Beetle saved in amber had helicopter wings

Ancestor of Jacobson beetle was also teeny tiny

beetle preserved in amber

TINY FLIER Feathery wings extending from the posterior of this tiny ancient beetle (in amber), the first of its kind to be discovered, may have helped it drift on the wind millions of years ago.

C. Cai et al/Journal of Paleontology 2016

An amber collector in Germany has spotted the ancient remains of a beetle never before seen in the fossil record.

Two itty-bitty specimens, entombed in amber since the middle Eocene epoch some 54.5 million to 37 million years ago, represent a new species of Jacobson’s beetle, researchers report online March 28 in the Journal of Paleontology. The beetles, Derolathrus groehni, are, like their modern relatives, about as long as the width of a grain of rice.

MicroCT scans and other images revealed narrow bodies, a shiny brown exterior and two wispy featherlike wings protruding from the hindquarters, angled like the blades of a helicopter. The fossils look just like today’s Jacobson’s beetles, says study coauthor Chenyang Cai of the Chinese Academy of Sciences.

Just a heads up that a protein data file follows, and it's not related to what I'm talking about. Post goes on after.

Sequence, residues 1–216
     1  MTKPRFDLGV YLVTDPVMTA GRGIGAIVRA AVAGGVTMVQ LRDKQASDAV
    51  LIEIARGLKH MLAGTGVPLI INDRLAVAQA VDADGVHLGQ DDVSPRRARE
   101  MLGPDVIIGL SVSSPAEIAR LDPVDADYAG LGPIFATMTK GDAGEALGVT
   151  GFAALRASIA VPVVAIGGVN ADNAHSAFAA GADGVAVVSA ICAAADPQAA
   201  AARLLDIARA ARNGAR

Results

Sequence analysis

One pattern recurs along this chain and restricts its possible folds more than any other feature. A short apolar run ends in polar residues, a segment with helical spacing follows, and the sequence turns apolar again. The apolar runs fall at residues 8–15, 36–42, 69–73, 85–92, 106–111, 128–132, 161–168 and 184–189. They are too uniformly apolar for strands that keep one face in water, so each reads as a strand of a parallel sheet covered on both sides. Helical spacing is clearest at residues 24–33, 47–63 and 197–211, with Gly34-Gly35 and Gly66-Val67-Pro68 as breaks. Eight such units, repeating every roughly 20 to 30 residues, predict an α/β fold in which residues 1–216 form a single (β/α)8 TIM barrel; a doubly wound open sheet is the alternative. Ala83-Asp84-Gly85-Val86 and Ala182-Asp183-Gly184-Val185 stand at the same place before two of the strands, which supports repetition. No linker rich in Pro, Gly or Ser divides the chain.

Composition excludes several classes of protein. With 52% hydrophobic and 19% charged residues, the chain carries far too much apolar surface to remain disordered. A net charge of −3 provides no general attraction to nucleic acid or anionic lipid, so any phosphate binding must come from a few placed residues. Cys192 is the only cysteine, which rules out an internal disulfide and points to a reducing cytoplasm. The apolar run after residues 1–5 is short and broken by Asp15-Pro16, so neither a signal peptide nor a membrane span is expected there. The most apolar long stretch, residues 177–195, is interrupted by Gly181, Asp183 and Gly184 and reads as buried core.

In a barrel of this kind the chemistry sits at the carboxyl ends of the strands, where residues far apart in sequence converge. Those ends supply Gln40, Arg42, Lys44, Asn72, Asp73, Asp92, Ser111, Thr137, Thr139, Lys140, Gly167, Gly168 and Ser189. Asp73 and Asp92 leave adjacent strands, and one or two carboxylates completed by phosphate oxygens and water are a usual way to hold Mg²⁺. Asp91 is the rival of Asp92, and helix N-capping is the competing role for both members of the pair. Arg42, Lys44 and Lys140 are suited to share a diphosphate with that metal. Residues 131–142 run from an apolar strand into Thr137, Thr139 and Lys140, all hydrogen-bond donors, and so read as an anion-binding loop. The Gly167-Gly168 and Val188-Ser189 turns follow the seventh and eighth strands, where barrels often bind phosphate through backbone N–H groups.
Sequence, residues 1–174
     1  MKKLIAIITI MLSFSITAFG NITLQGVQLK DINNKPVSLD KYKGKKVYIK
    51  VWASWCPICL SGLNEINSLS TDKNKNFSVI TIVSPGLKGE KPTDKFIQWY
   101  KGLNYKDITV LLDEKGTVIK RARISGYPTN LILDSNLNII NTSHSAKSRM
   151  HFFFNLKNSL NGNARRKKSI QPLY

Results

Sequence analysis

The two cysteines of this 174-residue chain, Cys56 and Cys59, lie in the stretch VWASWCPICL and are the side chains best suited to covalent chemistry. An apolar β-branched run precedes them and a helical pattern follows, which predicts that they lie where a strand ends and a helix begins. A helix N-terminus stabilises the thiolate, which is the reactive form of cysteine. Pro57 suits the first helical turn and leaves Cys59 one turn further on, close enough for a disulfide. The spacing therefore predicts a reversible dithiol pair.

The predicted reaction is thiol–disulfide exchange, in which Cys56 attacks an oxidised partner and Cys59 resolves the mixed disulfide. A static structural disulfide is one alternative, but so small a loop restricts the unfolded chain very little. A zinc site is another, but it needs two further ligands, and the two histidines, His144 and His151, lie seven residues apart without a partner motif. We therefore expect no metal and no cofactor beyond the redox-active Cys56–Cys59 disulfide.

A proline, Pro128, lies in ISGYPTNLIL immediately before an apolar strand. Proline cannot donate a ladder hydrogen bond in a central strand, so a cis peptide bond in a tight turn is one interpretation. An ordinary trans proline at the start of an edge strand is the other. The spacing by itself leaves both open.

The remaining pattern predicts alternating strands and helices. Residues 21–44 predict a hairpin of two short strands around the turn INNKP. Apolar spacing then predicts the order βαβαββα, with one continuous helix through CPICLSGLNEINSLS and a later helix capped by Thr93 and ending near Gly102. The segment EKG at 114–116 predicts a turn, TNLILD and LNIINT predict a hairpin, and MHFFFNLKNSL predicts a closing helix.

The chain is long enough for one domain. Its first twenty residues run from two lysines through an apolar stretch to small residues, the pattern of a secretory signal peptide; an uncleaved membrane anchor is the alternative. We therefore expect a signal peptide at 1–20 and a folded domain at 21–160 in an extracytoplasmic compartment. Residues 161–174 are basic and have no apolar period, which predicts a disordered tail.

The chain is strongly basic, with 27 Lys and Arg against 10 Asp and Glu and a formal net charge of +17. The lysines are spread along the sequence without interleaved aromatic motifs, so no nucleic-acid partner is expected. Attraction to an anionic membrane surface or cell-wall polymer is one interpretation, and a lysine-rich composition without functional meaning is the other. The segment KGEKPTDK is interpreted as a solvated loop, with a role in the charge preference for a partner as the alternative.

Fringed, eyelashlike wings may have helped the beetles ride the wind, eventually spreading to far-flung regions of the world — from western Russia (a big source of Baltic amber) to distant habitats in Fiji, Sri Lanka and even Alabama, where Jacobson’s beetles have been spotted recently. 

Meghan Rosen is a staff writer who reports on the life sciences for Science News. She earned a Ph.D. in biochemistry and molecular biology with an emphasis in biotechnology from the University of California, Davis, and later graduated from the science communication program at UC Santa Cruz.

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